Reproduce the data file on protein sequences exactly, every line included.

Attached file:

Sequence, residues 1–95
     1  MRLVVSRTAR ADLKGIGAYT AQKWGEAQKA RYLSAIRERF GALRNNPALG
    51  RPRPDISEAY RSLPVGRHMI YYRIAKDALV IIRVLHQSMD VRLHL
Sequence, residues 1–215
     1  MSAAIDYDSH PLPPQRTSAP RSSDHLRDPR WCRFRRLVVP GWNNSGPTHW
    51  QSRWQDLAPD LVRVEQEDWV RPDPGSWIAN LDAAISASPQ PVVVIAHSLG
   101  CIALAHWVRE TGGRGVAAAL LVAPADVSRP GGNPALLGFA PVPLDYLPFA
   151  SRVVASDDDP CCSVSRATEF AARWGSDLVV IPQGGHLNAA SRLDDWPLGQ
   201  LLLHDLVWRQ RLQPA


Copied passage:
Sequence, residues 1–95
     1  MRLVVSRTAR ADLKGIGAYT AQKWGEAQKA RYLSAIRERF GALRNNPALG
    51  RPRPDISEAY RSLPVGRHMI YYRIAKDALV IIRVLHQSMD VRLHL
Sequence, residues 1–215
     1  MSAAIDYDSH PLPPQRTSAP RSSDHLRDPR WCRFRRLVVP GWNNSGPTHW
    51  QSRWQDLAPD LVRVEQEDWV RPDPGSWIAN LDAAISASPQ PVVVIAHSLG
   101  CIALAHWVRE TGGRGVAAAL LVAPADVSRP GGNPALLGFA PVPLDYLPFA
   151  SRVVASDDDP CCSVSRATEF AARWGSDLVV IPQGGHLNAA SRLDDWPLGQ
   201  LLLHDLVWRQ RLQPA